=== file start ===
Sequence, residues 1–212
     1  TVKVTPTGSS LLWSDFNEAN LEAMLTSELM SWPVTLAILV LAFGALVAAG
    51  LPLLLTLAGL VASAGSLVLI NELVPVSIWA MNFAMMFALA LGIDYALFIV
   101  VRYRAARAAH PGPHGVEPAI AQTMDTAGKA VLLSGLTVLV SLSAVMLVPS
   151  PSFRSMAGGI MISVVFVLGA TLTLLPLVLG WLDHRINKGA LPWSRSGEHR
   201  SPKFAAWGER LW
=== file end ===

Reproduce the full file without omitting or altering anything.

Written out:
Sequence, residues 1–212
     1  TVKVTPTGSS LLWSDFNEAN LEAMLTSELM SWPVTLAILV LAFGALVAAG
    51  LPLLLTLAGL VASAGSLVLI NELVPVSIWA MNFAMMFALA LGIDYALFIV
   101  VRYRAARAAH PGPHGVEPAI AQTMDTAGKA VLLSGLTVLV SLSAVMLVPS
   151  PSFRSMAGGI MISVVFVLGA TLTLLPLVLG WLDHRINKGA LPWSRSGEHR
   201  SPKFAAWGER LW